One last link to the New York Sun, which will be missed. On Monday, Kate Taylor had an update on the disputes involving the works of outsider artist Martín Ramírez. Apparently the litigation involving 17 works owned by Maureen Hammond is "close to settlement," but now "the estate is looking into its possible rights to other Ramírez works, including [10 in the collection of] the Guggenheim." The overall state of play is as follows:
"Last year, when a trove of 144 previously unknown drawings came to light, the artist's heirs, who include a daughter in Mexico and 17 grandchildren, formed an estate and got legal representation. As a result of negotiations between the estate and the family in possession of the drawings — the descendants of a doctor who treated Ramírez at one of the mental hospitals — the estate now retains an interest in the works, which are being sold through the Ricco/Maresca Gallery, for prices that range from $50,000 to $350,000. Neither Frank Maresca, who is one of the owners of the gallery, nor a laywer for the estate, Eric Lieberman, would say what percentage of the proceeds the estate will get."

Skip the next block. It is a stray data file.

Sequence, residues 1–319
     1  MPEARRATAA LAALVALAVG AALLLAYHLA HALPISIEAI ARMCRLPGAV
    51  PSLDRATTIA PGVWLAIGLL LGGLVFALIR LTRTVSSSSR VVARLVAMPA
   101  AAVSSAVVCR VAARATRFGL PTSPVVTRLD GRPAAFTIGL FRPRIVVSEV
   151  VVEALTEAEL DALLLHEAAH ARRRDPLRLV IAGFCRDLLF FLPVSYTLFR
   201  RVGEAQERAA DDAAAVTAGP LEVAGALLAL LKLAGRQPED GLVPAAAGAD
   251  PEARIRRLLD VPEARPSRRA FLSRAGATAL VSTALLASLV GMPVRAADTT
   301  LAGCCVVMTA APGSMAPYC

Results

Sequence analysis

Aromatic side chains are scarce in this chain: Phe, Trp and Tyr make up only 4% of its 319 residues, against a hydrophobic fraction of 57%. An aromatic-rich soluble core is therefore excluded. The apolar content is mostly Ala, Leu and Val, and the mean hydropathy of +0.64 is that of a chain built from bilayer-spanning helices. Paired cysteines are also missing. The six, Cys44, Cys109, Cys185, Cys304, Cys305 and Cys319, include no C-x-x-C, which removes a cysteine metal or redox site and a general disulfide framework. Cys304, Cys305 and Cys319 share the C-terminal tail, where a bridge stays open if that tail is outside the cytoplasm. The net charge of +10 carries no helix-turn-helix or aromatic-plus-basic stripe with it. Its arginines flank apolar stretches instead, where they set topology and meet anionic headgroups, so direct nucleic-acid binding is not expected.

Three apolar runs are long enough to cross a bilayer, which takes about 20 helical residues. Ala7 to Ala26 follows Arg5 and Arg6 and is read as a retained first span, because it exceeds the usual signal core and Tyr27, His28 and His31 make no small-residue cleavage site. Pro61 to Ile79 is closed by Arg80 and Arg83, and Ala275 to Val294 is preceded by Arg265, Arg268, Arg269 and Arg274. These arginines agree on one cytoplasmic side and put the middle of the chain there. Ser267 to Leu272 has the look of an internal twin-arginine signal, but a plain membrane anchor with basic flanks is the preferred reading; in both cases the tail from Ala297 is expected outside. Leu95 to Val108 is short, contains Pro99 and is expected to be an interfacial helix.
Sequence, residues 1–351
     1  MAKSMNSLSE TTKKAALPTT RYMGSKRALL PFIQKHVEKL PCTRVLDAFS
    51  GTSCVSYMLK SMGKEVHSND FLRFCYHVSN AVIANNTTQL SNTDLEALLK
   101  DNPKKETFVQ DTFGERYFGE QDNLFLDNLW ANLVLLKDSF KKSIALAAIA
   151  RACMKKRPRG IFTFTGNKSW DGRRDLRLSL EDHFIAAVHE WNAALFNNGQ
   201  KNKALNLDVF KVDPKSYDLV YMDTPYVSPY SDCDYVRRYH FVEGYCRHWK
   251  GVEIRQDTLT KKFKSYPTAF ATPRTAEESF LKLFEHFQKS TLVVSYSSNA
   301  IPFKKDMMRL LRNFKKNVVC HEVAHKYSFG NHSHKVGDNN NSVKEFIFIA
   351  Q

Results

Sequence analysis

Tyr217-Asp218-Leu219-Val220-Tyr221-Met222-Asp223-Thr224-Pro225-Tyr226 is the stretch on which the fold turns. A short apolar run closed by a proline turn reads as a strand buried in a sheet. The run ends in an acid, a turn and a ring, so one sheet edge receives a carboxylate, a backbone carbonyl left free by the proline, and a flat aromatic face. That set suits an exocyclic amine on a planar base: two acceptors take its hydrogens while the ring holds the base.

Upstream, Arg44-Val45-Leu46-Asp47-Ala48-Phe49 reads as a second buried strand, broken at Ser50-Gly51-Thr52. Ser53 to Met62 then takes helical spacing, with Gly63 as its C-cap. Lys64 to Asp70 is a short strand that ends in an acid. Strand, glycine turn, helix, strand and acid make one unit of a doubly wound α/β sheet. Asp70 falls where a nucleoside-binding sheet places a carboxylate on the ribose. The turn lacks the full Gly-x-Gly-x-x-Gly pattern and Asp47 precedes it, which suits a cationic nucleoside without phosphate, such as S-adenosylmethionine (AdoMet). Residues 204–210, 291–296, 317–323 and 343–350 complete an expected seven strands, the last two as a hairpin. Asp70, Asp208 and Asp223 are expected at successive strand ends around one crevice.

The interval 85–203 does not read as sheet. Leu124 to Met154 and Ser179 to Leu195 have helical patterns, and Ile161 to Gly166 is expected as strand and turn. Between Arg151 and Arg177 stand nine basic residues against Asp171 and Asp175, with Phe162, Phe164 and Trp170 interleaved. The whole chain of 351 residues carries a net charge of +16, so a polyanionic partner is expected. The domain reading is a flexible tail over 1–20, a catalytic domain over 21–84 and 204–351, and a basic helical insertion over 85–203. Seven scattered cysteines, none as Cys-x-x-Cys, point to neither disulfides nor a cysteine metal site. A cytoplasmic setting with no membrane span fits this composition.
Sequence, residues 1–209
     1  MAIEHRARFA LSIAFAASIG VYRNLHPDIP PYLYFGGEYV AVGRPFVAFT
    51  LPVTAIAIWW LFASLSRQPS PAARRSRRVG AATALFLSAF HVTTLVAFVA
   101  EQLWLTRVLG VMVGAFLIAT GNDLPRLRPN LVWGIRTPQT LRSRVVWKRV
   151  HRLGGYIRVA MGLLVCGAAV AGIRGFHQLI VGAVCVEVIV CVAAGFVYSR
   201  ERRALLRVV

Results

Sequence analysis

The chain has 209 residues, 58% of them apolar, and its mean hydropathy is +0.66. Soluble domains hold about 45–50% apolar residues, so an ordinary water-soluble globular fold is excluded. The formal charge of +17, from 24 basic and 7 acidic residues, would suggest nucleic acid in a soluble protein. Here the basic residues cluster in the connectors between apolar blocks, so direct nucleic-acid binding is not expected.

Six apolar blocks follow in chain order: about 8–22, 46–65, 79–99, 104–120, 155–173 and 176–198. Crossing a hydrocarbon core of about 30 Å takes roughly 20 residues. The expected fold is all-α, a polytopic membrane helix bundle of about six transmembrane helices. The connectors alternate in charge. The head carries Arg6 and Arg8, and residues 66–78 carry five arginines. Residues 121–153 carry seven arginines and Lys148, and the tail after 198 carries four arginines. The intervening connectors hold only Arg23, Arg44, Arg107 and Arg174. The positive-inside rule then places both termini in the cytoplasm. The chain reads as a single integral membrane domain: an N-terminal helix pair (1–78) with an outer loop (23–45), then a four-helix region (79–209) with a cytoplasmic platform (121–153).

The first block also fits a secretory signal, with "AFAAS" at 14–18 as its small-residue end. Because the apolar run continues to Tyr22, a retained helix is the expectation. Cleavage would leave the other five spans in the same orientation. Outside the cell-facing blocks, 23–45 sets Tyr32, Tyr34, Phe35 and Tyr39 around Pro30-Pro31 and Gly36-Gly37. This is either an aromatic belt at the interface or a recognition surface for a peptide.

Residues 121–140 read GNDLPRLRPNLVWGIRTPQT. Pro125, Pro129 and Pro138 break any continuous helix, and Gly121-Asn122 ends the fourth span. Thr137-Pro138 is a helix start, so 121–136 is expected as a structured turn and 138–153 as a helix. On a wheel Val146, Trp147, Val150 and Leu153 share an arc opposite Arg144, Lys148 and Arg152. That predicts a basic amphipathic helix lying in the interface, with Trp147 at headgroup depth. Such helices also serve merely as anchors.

If you want to see what all the fuss is about (remember, Roberta Smith calls him "simply one of the greatest artists of the 20th century"), related exhbitions of Ramírez's "last works" are about to open at the Ricco/Maresca Gallery (tomorrow) and the American Folk Art Museum (next week).
Best of luck to Kate and all the other Sun staffers.